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Old 04-09-2008, 12:10 AM   #41
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Re: Understanding the Issues 2008: Energy

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Theoretically though economics would say that as thise "day of reckoning" approaches the costs of oil will become untenable driving a major movement towards alternative fuel.
Yeah I agree and that's what is likely to happen. The problem is that we will have a painful adjustment period while we try to figure things out. And I don't mean painful as in having to eat out less, I mean major global instability. That's the worst case scenario, but I don't think an implausible one. It's not as if countries have never gone to war over oil before.
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Old 04-09-2008, 12:11 AM   #42
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Re: Understanding the Issues 2008: Energy

Let me add FRPLG, that's assuming that there aren't any tenable renewable alternatives ready at the time, and right now we are light years away.
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Old 04-09-2008, 12:27 AM   #43
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Re: Understanding the Issues 2008: Energy

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Originally Posted by FRPLG View Post
I suspect we don't agree on much but I completely get what you're saying here. Unfortunately this is the kind of extended thinking that most Americans seem to not grasp. Or at least it is the type of thinking that never gets into the media cycle because media types don't think we understand it and politicians think we're even dumber than that.


I'd love to know what a "Big Oil candidate" is though. If it means you think he thinks Big Oil is probably the best driver then I agree with him and don't care if he is a Big Oil candidate. On the other hand if it means to leave Big Oil alone and let it happen normally then I say fugetaboutit! We can incentivise it to happen and make it worth it to them. Win/win baby.
Not sure what you're suspicious about. Anyway, Cheney's energy ceo roundtable that wrote the initial Bush energy policy is classic Big Oil candidate stuff. Way too coincidental that he spends the first years of the term: working w/ oil execs to write a policy, backing an idiotic coup in Venezuela because its government refused to "cooperate" w/ our energy needs, then invading and occupying the most oil rich country in the world that could not possibly defend itself. It was especially amusing when the energy firms out of Texas were caught red-handed cutting supply to California to spike prices (remember the tapes of "Yeah, fuck 'em), after Cheney had spent months defending his buddies and touring the country to tell everyone that the real problem is that we weren't subsidizing oil/gas/coal enough.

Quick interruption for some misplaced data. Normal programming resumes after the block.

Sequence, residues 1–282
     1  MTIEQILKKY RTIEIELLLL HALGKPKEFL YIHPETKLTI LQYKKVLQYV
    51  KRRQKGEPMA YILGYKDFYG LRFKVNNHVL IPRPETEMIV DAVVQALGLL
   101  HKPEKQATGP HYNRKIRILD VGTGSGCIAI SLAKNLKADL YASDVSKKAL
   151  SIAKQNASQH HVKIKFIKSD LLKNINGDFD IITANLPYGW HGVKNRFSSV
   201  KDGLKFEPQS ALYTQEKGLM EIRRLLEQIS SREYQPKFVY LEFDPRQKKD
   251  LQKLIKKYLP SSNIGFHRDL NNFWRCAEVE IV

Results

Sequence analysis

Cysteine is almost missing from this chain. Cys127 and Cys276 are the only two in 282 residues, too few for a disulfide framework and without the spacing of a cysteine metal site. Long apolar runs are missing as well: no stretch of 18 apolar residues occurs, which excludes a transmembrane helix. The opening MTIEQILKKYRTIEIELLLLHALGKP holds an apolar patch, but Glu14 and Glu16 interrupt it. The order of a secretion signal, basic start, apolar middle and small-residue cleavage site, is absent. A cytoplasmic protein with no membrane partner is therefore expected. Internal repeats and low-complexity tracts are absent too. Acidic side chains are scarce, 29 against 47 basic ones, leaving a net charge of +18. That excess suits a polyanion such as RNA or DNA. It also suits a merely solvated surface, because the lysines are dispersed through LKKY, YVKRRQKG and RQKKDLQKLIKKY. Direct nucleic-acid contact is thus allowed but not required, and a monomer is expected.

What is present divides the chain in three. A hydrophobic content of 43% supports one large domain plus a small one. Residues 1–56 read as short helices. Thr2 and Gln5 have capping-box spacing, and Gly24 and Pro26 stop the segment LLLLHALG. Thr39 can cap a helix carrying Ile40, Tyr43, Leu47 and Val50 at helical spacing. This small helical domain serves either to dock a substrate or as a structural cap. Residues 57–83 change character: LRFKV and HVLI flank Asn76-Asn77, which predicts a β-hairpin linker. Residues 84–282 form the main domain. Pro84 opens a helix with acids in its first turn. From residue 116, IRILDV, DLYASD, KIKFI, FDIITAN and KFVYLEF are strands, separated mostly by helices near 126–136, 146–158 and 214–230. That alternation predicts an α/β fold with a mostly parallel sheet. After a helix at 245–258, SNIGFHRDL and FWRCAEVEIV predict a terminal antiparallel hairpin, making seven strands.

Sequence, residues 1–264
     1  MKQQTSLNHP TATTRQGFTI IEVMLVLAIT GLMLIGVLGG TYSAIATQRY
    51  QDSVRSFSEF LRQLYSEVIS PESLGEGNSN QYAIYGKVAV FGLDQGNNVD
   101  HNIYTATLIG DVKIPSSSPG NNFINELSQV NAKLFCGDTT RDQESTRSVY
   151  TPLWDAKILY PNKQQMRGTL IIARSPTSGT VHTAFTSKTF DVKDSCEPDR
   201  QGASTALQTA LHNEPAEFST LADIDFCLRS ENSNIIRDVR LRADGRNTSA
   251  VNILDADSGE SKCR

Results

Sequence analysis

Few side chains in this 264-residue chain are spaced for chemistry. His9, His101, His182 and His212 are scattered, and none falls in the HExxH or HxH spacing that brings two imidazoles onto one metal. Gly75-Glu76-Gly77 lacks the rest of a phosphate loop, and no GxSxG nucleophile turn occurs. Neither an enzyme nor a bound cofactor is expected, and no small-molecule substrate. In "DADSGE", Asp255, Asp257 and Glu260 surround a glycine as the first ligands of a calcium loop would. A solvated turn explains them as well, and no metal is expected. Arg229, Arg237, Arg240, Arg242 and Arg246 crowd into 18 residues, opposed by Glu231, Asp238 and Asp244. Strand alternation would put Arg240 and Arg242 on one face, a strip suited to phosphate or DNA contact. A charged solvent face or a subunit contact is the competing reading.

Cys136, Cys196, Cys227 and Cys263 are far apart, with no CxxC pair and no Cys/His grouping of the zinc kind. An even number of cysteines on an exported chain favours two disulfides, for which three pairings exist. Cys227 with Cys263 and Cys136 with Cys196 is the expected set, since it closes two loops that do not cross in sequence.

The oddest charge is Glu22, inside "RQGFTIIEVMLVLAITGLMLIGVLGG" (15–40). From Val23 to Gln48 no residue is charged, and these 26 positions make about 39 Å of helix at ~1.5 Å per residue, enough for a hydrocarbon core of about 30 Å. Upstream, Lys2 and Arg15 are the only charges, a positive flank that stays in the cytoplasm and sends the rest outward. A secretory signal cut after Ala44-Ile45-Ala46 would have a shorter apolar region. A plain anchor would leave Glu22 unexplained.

Anyway, the real point is that McCain has been right there w/ hardliners like Cheney. The difference is McCain says otherwise, which really makes no sense whatsoever to me because if he talked like other hardliners he'd probably be much more popular w/ the conservative base IMO. I'm just saying I am confused about his positioning. What is he going for?
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Old 04-09-2008, 12:32 AM   #44
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Re: Understanding the Issues 2008: Energy

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Originally Posted by djnemo65 View Post
I don't think people adequately understand the paucity of oil that remains in this world. If you are familiar with peak oil theory (which isn't so much a theory as a geoligical fact) then you know oil will reach a peak point of production after which the quality of oil will be reduced and it will be increasingly more difficult to extract. Increasing oil consumption in the developing world, particularily in China but really everywhere, is only quickening this inevitability. Now some argue that oil production peaked last year, but when it peaks is really irrelevant. What matters is that it will.

That means that at some point we are going to face a major day of reckoning, since not only transportation but the world's entire industrial infrastructure is predicated on access to relatively cheap oil. My point is that a major technological project is needed to avert what will likely be an extremely unstable period, as the world's 3 powers - Europe, America, China, and their respective allies - fight over the remaining scraps.

I think all 3 candidates fall short in doing enough on this and I wish someone would speak to the people honestly about the poisonous effect that increased consumption in a world of declining oil production will have on the stability of the global economic system.
I'm starting to really question if we're anywhere near peak production. I mentioned in an earlier post that geologists are finding huge deposits off the coast of Brazil and other places that were previously out of reach but can now be drilled.

Not that I'm arguing w/ you, cause I don't really know the science, but I suspect that environmental damage will become critical before oil supply becomes critical.
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Old 04-09-2008, 12:41 AM   #45
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Re: Understanding the Issues 2008: Energy

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I'm starting to really question if we're anywhere near peak production. I mentioned in an earlier post that geologists are finding huge deposits off the coast of Brazil and other places that were previously out of reach but can now be drilled.

Not that I'm arguing w/ you, cause I don't really know the science, but I suspect that environmental damage will become critical before oil supply becomes critical.
Yeah i've heard stuff like that and I am really in no position to judge when oil production will peak. I just think it makes more sense to start preparing for it now, if for no other reason then to put America in a position to technologically dominate the next century the way it did the last.